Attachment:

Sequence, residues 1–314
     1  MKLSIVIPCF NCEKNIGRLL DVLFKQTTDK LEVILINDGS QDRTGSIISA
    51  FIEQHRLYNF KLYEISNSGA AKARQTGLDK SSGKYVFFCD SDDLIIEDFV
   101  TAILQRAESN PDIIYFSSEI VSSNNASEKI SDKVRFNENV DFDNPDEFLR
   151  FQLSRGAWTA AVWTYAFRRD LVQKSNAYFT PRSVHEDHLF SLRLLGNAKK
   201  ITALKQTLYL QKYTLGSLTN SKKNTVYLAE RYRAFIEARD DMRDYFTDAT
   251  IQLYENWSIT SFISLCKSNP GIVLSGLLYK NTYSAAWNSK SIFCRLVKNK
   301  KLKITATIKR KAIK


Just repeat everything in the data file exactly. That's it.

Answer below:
Sequence, residues 1–314
     1  MKLSIVIPCF NCEKNIGRLL DVLFKQTTDK LEVILINDGS QDRTGSIISA
    51  FIEQHRLYNF KLYEISNSGA AKARQTGLDK SSGKYVFFCD SDDLIIEDFV
   101  TAILQRAESN PDIIYFSSEI VSSNNASEKI SDKVRFNENV DFDNPDEFLR
   151  FQLSRGAWTA AVWTYAFRRD LVQKSNAYFT PRSVHEDHLF SLRLLGNAKK
   201  ITALKQTLYL QKYTLGSLTN SKKNTVYLAE RYRAFIEARD DMRDYFTDAT
   251  IQLYENWSIT SFISLCKSNP GIVLSGLLYK NTYSAAWNSK SIFCRLVKNK
   301  KLKITATIKR KAIK